Every summer, Helping Hands Healing Sanctity hosts Farm Day, where neighbors from communities far and wide are invited to visit the farm and learn about animal therapy. Guests are also invited back to help volunteer on the farm.

The goat enclosure was the petting area for the day, so bunnies were moved into the enclosure and became the first official users of the new structure.

I had a great time explaining my Girl Scout Gold Award Project to the over 100 guests who attended the event. We were able to finish the roof after the event, as well as, secure the stairs better for the goats.

Raising the Roof

We started by getting the platform on six supports (we later added two additional supports) and validated the stability of the platform. We then started crafting the additional structure.

Once we had the structure completed, we added the stairs (last so the goats would not join us during construction). We ended up redesigning the stairs twice after the initial build due to the sheep, who kept finding ways to knocking them over.

After the structure was complete, we weather proofed it using an eco friendly/animal safe protectant. Now we need to bury the tires and place the wine barrels. And yes, the goats are loving it.

Leading – One Step At a Time

While I have lead school project teams and as a councilor at various camps, creating Goat Topia has been a next level up in leadership. It is one thing to have a plan and follow it, it is another when almost every step presents a new challenge. Not only were we dealing with the elements, like thunderstorms, we were learning that animal behaviors would require modification to the plan.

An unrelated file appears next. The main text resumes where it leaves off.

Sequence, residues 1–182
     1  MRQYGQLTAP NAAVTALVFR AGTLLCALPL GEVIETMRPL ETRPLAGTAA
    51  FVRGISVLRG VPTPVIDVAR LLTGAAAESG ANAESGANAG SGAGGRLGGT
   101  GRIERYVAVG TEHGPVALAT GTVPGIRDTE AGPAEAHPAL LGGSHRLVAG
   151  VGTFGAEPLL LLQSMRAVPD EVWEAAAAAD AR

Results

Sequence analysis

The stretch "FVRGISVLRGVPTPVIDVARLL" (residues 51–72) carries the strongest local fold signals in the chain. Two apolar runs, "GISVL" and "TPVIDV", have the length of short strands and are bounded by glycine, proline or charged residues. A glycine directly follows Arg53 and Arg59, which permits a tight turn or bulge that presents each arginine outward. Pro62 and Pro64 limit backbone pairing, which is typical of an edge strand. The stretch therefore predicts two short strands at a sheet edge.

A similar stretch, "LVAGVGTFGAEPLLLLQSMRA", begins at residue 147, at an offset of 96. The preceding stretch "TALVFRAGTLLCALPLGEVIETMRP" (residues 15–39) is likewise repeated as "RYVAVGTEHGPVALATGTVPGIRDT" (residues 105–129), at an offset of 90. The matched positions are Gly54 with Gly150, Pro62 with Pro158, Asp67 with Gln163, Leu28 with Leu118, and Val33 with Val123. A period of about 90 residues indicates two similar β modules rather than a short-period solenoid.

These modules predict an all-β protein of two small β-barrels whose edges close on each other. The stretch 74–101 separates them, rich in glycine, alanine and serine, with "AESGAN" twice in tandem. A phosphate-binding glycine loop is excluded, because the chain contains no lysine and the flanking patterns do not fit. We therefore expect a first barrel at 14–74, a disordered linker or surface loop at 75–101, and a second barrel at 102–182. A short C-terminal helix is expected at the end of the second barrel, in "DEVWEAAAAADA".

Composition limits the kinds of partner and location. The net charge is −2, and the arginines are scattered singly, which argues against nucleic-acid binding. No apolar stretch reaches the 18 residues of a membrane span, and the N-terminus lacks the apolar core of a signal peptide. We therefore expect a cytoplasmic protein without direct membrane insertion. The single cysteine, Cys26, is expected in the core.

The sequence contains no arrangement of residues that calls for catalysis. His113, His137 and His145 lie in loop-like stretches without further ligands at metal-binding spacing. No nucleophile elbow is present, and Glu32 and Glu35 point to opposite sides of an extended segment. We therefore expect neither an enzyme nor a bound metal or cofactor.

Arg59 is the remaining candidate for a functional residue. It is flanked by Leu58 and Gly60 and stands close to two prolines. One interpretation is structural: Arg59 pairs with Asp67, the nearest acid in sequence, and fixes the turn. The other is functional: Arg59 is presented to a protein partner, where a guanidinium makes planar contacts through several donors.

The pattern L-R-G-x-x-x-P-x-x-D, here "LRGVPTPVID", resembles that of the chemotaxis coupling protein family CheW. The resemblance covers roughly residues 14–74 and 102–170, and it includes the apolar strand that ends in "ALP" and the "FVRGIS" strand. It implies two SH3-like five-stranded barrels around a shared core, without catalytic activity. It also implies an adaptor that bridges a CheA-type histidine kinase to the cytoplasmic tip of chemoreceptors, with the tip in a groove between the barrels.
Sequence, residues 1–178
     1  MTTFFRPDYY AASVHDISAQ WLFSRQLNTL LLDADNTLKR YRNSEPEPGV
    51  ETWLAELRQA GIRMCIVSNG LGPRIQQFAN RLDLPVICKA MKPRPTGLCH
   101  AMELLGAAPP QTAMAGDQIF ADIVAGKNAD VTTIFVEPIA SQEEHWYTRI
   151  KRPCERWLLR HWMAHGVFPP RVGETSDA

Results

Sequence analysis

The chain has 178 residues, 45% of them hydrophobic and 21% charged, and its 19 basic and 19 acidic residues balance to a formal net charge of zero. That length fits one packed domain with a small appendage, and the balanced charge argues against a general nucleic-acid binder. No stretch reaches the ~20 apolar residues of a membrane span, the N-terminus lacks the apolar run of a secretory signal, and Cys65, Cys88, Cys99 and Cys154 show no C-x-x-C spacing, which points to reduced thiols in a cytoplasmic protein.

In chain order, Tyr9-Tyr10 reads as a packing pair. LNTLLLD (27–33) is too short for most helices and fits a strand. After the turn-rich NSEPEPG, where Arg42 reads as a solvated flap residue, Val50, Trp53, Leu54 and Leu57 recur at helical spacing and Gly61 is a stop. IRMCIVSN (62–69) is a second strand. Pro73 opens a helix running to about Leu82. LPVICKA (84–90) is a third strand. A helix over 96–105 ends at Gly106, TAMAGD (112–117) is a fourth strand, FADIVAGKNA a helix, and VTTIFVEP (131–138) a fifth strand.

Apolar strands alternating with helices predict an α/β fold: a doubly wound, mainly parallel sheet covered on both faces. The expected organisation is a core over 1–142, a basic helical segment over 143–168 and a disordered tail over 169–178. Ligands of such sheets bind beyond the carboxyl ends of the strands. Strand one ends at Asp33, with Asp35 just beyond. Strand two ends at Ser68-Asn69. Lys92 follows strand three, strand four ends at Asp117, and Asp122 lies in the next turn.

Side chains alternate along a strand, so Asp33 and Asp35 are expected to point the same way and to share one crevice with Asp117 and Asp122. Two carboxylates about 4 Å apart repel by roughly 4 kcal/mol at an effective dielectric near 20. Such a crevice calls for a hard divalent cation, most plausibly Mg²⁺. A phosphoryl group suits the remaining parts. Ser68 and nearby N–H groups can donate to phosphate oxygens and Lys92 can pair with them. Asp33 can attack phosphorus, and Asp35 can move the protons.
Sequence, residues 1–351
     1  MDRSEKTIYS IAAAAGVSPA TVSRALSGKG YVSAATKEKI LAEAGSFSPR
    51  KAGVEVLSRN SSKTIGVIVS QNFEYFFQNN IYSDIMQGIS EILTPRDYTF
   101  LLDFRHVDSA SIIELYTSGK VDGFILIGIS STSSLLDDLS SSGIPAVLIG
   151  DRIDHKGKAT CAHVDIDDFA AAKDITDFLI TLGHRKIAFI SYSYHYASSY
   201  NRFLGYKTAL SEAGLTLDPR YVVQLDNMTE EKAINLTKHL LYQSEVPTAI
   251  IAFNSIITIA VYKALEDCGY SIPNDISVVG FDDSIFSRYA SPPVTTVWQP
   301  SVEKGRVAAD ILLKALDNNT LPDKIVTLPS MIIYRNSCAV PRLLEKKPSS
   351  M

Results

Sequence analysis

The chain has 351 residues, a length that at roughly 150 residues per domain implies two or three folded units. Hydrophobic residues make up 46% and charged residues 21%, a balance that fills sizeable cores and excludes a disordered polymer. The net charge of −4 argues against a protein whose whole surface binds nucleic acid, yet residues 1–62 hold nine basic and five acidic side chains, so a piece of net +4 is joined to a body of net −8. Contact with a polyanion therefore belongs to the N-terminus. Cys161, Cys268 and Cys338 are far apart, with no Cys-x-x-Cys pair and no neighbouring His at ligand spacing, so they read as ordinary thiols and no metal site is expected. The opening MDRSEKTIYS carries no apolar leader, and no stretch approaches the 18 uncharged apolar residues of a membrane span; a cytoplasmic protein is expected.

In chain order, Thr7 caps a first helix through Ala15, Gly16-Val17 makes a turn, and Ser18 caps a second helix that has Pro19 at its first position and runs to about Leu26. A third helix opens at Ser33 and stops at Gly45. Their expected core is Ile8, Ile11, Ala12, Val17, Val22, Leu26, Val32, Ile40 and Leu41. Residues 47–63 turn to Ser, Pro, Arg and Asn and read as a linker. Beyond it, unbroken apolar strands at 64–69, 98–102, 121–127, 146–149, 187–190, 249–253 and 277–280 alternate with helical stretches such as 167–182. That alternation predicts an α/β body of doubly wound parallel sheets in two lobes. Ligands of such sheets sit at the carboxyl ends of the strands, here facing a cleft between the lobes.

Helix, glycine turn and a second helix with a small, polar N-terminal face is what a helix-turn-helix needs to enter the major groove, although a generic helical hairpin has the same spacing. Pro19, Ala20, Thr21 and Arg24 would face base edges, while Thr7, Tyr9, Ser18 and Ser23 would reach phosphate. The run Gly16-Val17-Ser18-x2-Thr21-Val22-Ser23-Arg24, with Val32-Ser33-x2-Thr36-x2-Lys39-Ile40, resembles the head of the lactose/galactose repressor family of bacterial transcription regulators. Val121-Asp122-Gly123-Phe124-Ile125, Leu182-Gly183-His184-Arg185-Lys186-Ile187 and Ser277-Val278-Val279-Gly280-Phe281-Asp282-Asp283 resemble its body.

Leading a team is not about being a boss. It is about execution, and keeping the project moving forward. I listened to my parents, I listened to my sister and peers, and I listened to family friend helpers. One by one, we continued to work together and improve on what we were building, and how we were building it.

And, of course, the goats continued to investigate and help us understand more about what they would enjoy.

The Cornerstone is Set

While this is not a masonry project, we are using stones to keep the wood above the muck and water. The cornerstone is the first stone set in the construction of a foundation, which is important since all other structural elements are set in reference to this stone, and it determines the position of the structure.

For this project, the main structure will be in the center of the enclosure and give space on both sides for wheelchair access. It will also be easier for volunteers to clean underneath. Next we will be building the platform and setting the remaining stones.

The Trek to Oregon

We left California on June 22, 2019 & arrived at the farm on June 24, 2019. We rented the truck on June 21 so we could load up the day before we started our trek, allowing us to get a good night’s sleep and get on the road early in the morning. We drove about eight hours a day on each of the first two days, and then about an hour on the third day, so we had most of the third day to unload and stage our building supplies and tools.

Building Begins

I had two teams as Troop Members, family & friends begin the building process by helping sand the wood in California. We had the tires donated in California, so we knew at that point we were going to need to rent a truck to get to Oregon. Since we had the truck, we were able to purchase over half of the wood in California and engage my troop.

My California team also had helped generate ideas during the design phase. Many had shown interest in going to Oregon to help, unfortunately timing and family vacations prevented this opportunity. However, I have a wonderful family, ready to help once we got to Oregon.